Guest More than 1 year ago
The life of Joan of Arc is classified as a juvenile biography, however Diane Stanley writes in regards to historical facts, resources, and references. Much of what is written was derived from rich literature, and the personal transcript of Joan¿s trial in England, after they found her guilty of sorcery. Stanley adds personal quotes and those of others who lived among her in the Medieval Ages. Detailed illustrations encompass the time period and add personality to Joan of Arc¿s life story. Joan of Arc is clearly a person of bravery and courage. Young people can be inspired by her story and admire the positive effects and triumphant outcomes which have outlived her lifetime but still have an impressionable effect. Although the Catholic Church declared her a saint in 1920, there is some detail to her life that may forever remain mysterious. For example, it will never be known if she truly witnessed spiritual sightings who directed her to be a war leader. This information could be embellished stories passed along the way. Whatever the story may be, Stanley merely provides the reader with as much accurate information that she herself researched. Creditable references are listed in a bibliography and support the author¿s thoughts and motives for writing this biography. This allows for an exceptional read. Descriptive illustrations combined with characterizing text unfold throughout the story, fascinating the reader to learn more about the woman of admirable exploits. Overall the author¿s purpose in writing is to inform young people of a simple, peasant girl who became one of the most feared and respected historical leaders.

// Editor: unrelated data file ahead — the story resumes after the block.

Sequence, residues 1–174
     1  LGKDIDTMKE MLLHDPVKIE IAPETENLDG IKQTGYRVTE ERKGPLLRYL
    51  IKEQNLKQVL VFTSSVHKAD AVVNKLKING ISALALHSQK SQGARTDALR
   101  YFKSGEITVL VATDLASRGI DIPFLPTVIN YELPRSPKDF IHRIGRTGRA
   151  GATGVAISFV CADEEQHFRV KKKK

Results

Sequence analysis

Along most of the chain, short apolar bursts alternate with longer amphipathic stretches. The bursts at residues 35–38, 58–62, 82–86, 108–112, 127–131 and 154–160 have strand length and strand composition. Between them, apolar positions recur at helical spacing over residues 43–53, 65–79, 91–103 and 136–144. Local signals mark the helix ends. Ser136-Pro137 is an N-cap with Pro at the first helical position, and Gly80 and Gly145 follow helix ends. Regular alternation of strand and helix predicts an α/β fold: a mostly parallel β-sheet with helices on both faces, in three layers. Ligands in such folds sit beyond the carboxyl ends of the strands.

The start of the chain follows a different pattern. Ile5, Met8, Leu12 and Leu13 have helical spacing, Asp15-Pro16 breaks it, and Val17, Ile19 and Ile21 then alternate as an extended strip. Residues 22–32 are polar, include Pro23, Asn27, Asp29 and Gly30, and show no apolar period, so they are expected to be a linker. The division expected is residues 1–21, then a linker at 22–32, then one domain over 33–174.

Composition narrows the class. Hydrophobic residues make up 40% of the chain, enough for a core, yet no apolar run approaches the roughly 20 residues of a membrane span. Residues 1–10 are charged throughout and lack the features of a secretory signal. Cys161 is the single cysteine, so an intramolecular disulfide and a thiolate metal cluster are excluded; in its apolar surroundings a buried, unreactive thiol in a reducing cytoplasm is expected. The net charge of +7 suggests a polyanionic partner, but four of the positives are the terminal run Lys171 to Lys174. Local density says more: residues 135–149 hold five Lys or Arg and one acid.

Anonymous More than 1 year ago
Anonymous More than 1 year ago
Guest More than 1 year ago
This book is so great it has had great reveiws has been on the booklist and many more. I'm a 5th grader at Brisas elementry and am doing biograph on her. she the best and so is this book